Dean's Message
Spring 2012  No.21
20th Anniversary
Looking Forward, Looking Back

Seeing the Impact of Innovation

The eye-opening Bring Technology to Community exhibition, organized by the School of Engineering, took members of the public into world of innovation at the Hong Kong Science Museum in October. The week-long display highlighted the work and research achievements of the School's faculty, students and alumni and raised awareness of how technology impacts people's daily lives. 

An underwater robot, a mini smart car, a digital photo frame that offers cognitive therapy to postpone the deterioration of Alzheimer’s sufferers, an environmentally friendly, cost-effective Braille Embosser, and a 150-billion pixel digital photo, with RadarTOUCH technology powered by Leovation, were among the technologies on show.

Separately, the Hong Kong Science Museum has accepted the Torsional Wave Demonstrator, a final year project by 2010 Mechanical Engineering graduates, as one of its exhibits. The machine makes the propagation of torsional vibration visible to the naked eye. It can also demonstrate a variety of wave forms including reflection waves and standing waves.

Ecotronics Forum Makes Its Debut at HKUST

The First International Ecotronics Symposium – Electronics for Energy and the Environment was successfully held at HKUST on November 12, sponsored by the School of Engineering and Department of Electronic and Computer Engineering.

Over the past decade, many research efforts have explored a broad range of applications and technologies for generating energy and protecting the environment. These include solar cells, wind turbine engines, solid-state lighting, green buildings, smart grid and environmental pollution sensors, among others. The symposium provided a highly useful forum, bringing together industry visionaries to discuss emerging trends in energy applications and implications for research and development. 

Other participating organizations were the Hong Kong Applied Science and Technology Research Institute (ASTRI); BMTPow Ltd; Du Pont Apollo Ltd; Hongkong Electric Co. Ltd; and the University of California, Santa Barbara.

Night to Remember for Mechanical Engineering Alumni

The Department of Mechanical Engineering held a 20th Anniversary Dinner on November 26, enabling more than 200 alumni, family and friends to enjoy a memorable and happy evening together.

The occasion got underway with a speech by Prof Matthew Yuen, Head of the Department. Founding and retired Department Heads and faculty members, including Prof Pin Tong, Prof Ping Cheng, Prof TX Yu, Prof CT Hsu, and Prof SC Kot, were then invited to join the toast in celebration of the Department’s achievements and success in the past 20 years.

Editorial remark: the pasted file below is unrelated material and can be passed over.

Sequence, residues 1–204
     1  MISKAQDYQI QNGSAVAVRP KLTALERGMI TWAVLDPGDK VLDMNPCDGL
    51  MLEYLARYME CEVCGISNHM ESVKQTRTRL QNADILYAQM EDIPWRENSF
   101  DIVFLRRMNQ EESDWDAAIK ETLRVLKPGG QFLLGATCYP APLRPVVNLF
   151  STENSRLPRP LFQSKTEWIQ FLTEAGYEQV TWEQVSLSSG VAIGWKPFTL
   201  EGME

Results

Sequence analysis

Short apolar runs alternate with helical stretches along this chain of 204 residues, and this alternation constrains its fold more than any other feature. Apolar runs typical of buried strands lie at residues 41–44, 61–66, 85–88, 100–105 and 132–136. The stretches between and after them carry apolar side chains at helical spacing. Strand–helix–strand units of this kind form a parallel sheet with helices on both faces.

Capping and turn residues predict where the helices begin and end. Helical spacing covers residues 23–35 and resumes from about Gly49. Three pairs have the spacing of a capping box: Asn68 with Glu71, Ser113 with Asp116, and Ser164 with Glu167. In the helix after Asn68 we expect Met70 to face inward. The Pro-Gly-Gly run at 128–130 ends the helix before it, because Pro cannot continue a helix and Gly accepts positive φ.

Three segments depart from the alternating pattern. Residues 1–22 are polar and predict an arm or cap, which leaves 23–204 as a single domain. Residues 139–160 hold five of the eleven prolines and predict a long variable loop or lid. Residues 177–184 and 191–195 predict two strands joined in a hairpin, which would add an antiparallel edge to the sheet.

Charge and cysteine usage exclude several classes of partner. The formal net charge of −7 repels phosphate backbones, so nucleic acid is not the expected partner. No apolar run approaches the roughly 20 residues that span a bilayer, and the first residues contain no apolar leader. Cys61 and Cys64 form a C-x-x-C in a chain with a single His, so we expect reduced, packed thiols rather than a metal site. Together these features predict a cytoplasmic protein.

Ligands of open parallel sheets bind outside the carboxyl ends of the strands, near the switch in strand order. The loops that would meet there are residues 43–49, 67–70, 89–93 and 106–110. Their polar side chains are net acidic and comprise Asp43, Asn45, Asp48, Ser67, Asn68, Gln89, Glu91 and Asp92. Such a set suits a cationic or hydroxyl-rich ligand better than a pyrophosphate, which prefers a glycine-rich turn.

Four Distinguished Alumni Awards were also presented in recognition of outstanding service to the Department and professional academic and/or industrial achievements. The awardees, who received all their qualifications from the Department, were: Dr Terry Ka Kit Chang, (1996 BEng, 1999 MPhil, 2003 PhD); Dr Jeffery Chi Chuen Lo, (2002 BEng, 2004 MPhil, 2008 PhD); Rosie Ming Sum Ma, (2001 BEng, 2003 MSc); and Dr Weihua Xu, (2004 PhD).

Going Underground to Get Around in Megacities

As urban congestion grows around the world, underground transportation looks set to become an increasingly important feature of our burgeoning cities. The fresh challenges this will bring for geotechnical engineers and some of the latest underground construction techniques in the field were explored in a HKUST Institute for Advanced Study (IAS) Distinguished Lecture in November, given by Prof Robert Mair, Sir Kirby Laing Professor of Civil Engineering and Head of Civil and Environmental Engineering at Cambridge University. The lecture was co-organized by the School of Engineering and the Department of Civil and Environmental Engineering.

In his talk, "Advances in Research and Practice in Underground Construction – The Future of Megacities", Prof Mair looked at the need for protection from subsidence, new ways to evaluate how buildings may be affected by tunneling and deep excavations, and novel techniques for monitoring construction using fiber-optic technology and wireless sensor networks. He also provided examples of current and future projects from around the world.

Prior to the IAS lecture, Prof Mair also delivered a seminar on "Tunneling and Deep Excavations – Ground Movements and Their Effects" to research students and faculty members of HKUST. Both the IAS lecture and the seminar were chaired by Prof Charles Ng, Chair Professor of Civil and Environmental Engineering.

Prof Mair is one of the Founding Directors of the Geotechnical Consulting Group, which is based in London and Hong Kong and was established in 1983. He has also been Senior Vice-President of the Royal Academy of Engineering and a Fellow of the Royal Society.